Peter Kruger's blog

Conservatory Industry Must Think Outside the Box Rather Than Crawl Inside One

26th January 2012

Not sure when the idea of ‘thinking outside the box’ reached the UK - the term has been in use in the US since 1969 - but it is often easy said than done. Most companies are constantly innovating: diversification, or thinking outside the box, only becomes necessary when the market for a product or service goes into steep decline. Unfortunately, at the first hint of a drop in sales companies tend to focus on their knitting rather than looking for pastures new. This is a natural reaction and is, during the current downturn in the market for home improvements, quite widespread. The situation is made worst by the bravado of competitors determined to put a brave face on the situation and talk up their business. This leaves everyone feeling they are the only ones having a tough time – not a frame of mind that encourages people to be inventive.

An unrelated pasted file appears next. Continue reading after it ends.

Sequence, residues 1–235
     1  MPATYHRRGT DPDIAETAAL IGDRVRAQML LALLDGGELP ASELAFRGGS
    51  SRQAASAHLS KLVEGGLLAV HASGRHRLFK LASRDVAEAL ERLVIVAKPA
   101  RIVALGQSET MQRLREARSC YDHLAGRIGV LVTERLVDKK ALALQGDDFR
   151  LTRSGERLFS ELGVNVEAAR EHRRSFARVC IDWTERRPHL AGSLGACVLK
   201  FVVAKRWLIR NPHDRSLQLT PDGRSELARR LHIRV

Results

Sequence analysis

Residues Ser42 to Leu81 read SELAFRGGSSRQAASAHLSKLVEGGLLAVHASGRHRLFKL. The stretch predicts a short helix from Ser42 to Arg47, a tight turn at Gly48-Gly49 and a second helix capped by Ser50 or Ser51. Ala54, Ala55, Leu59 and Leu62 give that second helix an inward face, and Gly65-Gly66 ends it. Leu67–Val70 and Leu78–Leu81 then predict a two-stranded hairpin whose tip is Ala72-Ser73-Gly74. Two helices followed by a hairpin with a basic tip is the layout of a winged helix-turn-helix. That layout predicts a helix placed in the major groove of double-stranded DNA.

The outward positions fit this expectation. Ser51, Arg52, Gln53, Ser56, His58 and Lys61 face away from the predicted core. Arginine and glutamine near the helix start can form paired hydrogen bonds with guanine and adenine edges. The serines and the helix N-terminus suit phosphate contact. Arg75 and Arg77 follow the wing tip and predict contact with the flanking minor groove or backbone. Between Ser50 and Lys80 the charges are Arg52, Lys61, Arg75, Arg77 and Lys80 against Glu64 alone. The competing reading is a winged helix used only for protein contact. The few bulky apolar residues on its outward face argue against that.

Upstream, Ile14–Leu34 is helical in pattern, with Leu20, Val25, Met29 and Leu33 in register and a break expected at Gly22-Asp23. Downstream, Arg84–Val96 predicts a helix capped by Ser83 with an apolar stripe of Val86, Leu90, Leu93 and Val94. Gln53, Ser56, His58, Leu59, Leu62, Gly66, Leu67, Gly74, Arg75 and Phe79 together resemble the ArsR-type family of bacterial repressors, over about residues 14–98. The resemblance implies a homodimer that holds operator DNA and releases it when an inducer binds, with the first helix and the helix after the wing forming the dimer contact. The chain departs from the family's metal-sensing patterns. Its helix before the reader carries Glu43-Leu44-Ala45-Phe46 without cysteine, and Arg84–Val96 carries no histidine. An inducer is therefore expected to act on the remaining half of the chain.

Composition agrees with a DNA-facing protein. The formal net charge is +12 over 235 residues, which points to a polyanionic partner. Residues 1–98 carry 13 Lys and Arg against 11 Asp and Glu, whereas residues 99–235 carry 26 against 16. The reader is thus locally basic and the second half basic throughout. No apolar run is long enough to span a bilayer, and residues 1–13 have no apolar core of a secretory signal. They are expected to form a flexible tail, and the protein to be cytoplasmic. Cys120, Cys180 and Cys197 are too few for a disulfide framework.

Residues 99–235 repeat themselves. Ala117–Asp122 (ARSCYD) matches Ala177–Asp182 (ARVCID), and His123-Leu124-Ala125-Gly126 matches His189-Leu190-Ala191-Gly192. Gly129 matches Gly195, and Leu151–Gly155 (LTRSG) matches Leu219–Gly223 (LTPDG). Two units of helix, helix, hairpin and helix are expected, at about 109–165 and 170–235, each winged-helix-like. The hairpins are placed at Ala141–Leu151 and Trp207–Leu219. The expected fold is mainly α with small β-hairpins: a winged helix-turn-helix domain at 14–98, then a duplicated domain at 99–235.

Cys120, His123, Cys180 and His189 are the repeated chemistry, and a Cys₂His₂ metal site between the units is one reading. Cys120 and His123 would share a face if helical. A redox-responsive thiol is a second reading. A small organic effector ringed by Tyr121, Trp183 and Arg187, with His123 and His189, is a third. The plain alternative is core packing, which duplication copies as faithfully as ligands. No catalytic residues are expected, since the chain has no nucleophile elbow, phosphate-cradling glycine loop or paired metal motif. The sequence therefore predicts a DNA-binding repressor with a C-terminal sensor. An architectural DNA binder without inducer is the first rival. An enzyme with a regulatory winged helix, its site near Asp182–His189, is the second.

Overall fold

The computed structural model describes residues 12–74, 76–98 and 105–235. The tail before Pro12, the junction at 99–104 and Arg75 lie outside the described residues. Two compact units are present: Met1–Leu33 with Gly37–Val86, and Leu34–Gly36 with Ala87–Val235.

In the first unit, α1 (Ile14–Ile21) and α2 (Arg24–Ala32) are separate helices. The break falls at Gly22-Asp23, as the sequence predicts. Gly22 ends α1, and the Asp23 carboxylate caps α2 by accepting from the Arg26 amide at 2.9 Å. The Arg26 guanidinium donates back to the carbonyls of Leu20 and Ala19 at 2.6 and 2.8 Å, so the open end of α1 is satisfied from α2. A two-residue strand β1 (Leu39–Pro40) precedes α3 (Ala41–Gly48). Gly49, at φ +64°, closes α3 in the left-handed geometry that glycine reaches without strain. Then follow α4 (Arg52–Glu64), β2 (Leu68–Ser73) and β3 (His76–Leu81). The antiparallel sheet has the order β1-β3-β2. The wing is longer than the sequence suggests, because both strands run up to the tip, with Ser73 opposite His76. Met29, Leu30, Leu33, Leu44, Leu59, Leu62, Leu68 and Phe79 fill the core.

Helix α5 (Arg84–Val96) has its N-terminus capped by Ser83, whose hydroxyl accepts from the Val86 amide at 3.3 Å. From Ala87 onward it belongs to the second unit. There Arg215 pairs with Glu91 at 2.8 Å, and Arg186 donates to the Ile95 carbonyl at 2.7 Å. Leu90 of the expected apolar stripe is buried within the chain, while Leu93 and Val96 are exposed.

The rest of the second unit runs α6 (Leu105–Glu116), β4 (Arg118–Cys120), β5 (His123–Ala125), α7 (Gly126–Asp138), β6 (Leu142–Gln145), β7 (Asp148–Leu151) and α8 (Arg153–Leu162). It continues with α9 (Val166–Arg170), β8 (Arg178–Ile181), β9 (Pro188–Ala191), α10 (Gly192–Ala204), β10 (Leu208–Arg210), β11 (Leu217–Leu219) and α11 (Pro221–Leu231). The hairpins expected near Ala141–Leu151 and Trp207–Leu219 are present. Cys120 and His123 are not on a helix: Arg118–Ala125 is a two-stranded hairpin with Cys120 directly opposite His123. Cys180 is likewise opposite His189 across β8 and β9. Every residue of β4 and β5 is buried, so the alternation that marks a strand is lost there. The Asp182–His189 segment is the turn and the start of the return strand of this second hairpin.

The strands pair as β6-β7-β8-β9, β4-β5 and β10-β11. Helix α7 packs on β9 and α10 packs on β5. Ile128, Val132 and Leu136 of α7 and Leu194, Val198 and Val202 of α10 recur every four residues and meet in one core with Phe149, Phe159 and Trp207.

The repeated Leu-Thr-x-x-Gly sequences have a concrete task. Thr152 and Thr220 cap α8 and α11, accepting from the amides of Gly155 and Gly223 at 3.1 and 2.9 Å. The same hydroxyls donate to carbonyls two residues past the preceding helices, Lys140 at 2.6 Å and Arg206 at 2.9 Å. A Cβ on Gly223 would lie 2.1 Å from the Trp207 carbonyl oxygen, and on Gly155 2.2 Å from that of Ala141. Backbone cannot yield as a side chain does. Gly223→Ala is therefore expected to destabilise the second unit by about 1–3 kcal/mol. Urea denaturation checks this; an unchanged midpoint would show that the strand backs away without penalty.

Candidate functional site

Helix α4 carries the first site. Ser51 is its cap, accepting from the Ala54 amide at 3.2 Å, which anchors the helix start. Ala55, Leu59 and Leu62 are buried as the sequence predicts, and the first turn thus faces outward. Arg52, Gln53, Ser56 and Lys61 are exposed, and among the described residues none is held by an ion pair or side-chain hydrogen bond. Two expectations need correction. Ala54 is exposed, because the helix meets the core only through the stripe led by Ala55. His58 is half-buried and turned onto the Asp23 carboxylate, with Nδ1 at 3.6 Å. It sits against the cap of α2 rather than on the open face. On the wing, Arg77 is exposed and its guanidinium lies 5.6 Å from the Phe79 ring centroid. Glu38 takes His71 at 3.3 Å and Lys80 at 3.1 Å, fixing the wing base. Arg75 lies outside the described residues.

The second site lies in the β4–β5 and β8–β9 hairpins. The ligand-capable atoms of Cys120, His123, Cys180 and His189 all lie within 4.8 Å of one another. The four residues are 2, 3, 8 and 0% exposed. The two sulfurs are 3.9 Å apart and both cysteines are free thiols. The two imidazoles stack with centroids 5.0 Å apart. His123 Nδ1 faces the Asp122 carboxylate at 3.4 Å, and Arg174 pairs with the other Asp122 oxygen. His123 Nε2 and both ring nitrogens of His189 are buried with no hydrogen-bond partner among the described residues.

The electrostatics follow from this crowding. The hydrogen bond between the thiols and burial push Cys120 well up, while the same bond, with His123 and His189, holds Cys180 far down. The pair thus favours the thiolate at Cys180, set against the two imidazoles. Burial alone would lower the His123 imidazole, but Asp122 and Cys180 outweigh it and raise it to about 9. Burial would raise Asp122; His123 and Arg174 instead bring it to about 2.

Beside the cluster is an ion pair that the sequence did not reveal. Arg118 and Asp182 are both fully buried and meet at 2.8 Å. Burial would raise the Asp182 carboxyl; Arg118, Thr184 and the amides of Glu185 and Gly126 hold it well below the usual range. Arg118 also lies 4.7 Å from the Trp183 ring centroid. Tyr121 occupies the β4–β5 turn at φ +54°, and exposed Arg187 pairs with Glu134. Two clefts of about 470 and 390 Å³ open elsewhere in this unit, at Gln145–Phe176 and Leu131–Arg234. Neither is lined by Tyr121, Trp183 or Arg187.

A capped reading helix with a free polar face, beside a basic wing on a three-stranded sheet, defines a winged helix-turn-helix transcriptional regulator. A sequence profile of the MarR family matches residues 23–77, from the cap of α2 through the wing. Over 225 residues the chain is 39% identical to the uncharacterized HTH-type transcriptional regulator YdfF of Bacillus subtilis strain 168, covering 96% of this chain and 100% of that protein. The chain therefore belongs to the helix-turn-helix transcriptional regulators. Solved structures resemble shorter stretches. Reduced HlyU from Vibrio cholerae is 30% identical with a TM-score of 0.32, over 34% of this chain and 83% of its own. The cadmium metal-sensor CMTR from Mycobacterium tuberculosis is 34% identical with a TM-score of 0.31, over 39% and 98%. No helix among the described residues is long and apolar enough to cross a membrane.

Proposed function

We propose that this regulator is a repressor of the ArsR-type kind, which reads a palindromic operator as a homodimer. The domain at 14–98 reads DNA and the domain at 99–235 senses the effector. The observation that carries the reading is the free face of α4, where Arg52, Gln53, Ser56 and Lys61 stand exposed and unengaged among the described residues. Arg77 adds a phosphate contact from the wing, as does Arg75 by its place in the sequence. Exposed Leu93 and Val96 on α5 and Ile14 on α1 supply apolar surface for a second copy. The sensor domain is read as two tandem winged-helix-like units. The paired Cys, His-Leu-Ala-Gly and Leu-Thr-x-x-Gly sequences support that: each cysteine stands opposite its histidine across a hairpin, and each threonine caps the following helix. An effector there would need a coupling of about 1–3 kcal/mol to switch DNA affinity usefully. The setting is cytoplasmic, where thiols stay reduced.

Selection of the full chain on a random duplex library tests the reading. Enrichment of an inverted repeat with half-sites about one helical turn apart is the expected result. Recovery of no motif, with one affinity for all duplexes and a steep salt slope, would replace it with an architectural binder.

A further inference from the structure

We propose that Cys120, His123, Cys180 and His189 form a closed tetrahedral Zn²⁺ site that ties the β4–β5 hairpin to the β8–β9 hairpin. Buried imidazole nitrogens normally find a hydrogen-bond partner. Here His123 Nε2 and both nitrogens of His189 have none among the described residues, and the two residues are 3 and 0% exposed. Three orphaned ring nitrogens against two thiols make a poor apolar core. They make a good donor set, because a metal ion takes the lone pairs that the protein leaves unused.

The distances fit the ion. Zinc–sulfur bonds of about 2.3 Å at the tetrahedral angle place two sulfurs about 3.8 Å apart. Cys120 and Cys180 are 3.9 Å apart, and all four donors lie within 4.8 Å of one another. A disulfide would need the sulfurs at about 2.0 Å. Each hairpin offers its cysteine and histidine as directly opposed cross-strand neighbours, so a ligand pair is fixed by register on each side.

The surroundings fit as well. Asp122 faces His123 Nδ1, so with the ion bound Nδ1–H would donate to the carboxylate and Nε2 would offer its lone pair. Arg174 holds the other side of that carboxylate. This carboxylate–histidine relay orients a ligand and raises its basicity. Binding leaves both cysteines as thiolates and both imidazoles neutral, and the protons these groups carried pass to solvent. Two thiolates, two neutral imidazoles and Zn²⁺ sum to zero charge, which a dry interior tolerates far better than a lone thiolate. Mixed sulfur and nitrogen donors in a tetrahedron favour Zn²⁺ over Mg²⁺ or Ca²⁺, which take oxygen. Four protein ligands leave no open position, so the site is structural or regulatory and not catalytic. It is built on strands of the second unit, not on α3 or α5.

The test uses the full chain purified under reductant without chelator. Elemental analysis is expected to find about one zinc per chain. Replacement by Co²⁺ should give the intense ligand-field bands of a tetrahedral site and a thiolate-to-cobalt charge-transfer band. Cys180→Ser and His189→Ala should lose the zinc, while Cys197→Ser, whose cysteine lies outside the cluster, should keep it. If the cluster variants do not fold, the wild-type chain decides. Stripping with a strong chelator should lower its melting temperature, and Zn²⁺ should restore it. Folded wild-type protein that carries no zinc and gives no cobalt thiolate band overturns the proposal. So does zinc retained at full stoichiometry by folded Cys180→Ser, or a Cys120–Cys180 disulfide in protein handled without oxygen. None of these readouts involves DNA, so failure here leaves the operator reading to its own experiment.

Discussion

Perhaps Your Passivhaus Should Be A Little More Active

22nd January 2012

There is a lot of building underway here in Cambridgeshire and no doubt many of these new houses will aspire to the Passivehaus design, even if not all meet its exacting standards. However, the thousands of new houses in this region will only represent a small proportion of the UK’s housing stock. Much of the rest will need a retrofit to give them anywhere near the thermal efficiency of a modern, new-build, family house. This level of retrofitting is both expensive and complicated and much of the low hanging fruit has now been picked. Homes not amenable to cavity wall insulation will be harder to bring up to anything approaching the Passivehaus standard: given that the cost of doing so would be high compared to the market value of the house itself. It is also the case that many of the people living in fuel poverty are in houses that leak energy and are difficult to insulate from both a technical and economic point of view.

Conserve Your Energy and Boost Conservatory Sales

16th January 2012